MVC mean Minimal Viable Change at all cost we try to iterate things no matter how small the change is.
  7. When is working iteratively hurtful?
    Is when consistency is key in all that we need to do.
    When there is well develop plan on ground.
    When there is a need for team stability
    Wen training our team is involves
    When values in need to be adjusted
  8. What is the goal of an iteration?
    Is to get quality feedback from the customer in every business
  9. What is not an iteration? give some examples that you think of yourself!
    Changing something without shipping it to users. If we don’t get feedback, it’s just a revision, not an iteration. For example, if we notice a bug and fix it in development, but never actually push it, it won’t make an impact until we do.
  10. If I do something without shipping to users - is it an iteration?
    Never, That is just revision
  11. If I do something without planning at all or thinking at all - is it a valid iteration?
    An excuse to avoid planning that all it is.
  1. Why is working iteratively important?

iterations helps to reduce BIG mistakes by getting feedback from end-user consistently.

  1. Is it wise to make a complete plan for a project?

no; only the first small step for the next iteration; it’s better to describe your action in 5 minutes that describe the whole plan in 2hours; project scope might change.
so small quick steps, focus on the first iteration, document it, commit to a date and don’t wait.

  1. What does working iterative protect us against?

Costly big mistakes!

  1. How fast should you take action and do something? What if your actions are not reversible easily?

all direct responsible indiivual can make decisions without approval mostly because we are looking for iterate with small changes, if an action is not easily reversible a through-discussion is needed.

  1. What do we mean by “cleanup over sign-off”?

don’t wait for approval (sign-off) it’s better to build small and then clean up if a mess was done. reversing changes is positive in small iterations.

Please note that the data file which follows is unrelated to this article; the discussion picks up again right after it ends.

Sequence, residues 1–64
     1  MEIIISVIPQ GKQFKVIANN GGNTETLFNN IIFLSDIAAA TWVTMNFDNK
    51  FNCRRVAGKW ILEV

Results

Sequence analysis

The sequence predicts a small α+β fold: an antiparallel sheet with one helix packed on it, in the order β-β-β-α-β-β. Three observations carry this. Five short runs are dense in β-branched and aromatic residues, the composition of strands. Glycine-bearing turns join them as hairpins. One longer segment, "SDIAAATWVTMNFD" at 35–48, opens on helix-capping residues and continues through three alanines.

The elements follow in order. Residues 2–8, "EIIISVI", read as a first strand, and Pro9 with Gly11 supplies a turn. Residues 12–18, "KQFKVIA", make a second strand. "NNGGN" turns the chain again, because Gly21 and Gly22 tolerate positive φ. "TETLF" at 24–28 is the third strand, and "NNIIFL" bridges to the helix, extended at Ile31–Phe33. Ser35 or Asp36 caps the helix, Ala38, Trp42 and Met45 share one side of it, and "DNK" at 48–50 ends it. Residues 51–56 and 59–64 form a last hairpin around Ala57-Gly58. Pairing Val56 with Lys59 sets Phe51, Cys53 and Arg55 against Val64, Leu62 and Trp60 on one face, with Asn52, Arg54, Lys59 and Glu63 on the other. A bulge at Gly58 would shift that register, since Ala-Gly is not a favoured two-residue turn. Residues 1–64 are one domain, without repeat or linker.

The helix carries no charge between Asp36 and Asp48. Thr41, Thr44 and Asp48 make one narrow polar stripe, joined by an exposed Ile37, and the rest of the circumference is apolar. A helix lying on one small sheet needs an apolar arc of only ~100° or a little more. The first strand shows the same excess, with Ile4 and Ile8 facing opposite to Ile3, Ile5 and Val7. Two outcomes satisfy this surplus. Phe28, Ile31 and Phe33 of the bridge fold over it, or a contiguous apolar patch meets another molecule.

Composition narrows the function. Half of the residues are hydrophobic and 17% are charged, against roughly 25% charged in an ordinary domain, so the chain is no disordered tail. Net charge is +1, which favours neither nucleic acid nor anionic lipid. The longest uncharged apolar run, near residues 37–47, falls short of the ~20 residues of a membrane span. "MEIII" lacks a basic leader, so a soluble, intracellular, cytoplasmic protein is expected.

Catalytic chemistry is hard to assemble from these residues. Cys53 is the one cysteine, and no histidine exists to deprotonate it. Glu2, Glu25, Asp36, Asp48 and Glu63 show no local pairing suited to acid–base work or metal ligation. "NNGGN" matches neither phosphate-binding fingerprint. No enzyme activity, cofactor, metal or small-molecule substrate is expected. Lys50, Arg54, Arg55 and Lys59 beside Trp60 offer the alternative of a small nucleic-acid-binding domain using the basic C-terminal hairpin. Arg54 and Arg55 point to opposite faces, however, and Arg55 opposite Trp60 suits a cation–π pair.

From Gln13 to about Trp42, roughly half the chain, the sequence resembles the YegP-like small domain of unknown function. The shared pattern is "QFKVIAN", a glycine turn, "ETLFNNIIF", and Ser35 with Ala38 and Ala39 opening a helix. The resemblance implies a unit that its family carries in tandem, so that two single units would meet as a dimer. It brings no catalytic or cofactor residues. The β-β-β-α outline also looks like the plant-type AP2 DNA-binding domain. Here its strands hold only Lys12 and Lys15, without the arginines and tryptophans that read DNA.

1. What is MVC?

minimal viable change: small quick steps moving forward.

  1. When is working iteratively hurtful?
  • adjusting marketing messages
  • adjusting product categories or prices :slight_smile:
  • adjusting sales methodologies
  • adjusting values or organizational changes.
  1. What is the goal of an iteration?

to get continuous feedback from end-user

  1. What is not an iteration? give some examples that you think of yourself!

changes are not available to end-users; and if end-users do not provide feedback.

  • example1: to be proactive in the task I added small change that is not requested or not in my scope of the iteration (strawman) or something that end-user might need to review or see.
  • example2: work on the small changes for the iteration but not documented the changes. that fails the purpose if reverting is needed.
  1. If I do something without shipping to users - is it an iteration?

no do something without shipping to users is NOT an iteration.

  1. If I do something without planning at all or thinking at all - is it a valid iteration?

even the small planning of a task requires some thought pursuing the customers’ need.

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  1. Why is working iteratively important?

It is important to work iteratively because publishing a project as simple and as soon as possible will make us work on it constantly, and therefore, it will continue to improve versus releasing something that we presume is “ready to launch and perfect” and then not working on improving it again. It’s also easier to fix a project as it goes because there’ll be simpler and easier fixes to work on instead of maybe building a big, complex project and then having to fix a lot more material and potentially more complex mistakes.

Sending smaller and simpler features to the users will also help us get useful feedback a lot sooner so that we can work on the necessary fixes just as efficiently as we get their feedback. This method can also help set the right expectations from everyone involved since we’re not working on a finished product, but simply developing adjustments and improvements every time, which in turn are easily reversible or changed.

  1. Is it wise to make a complete plan for a project?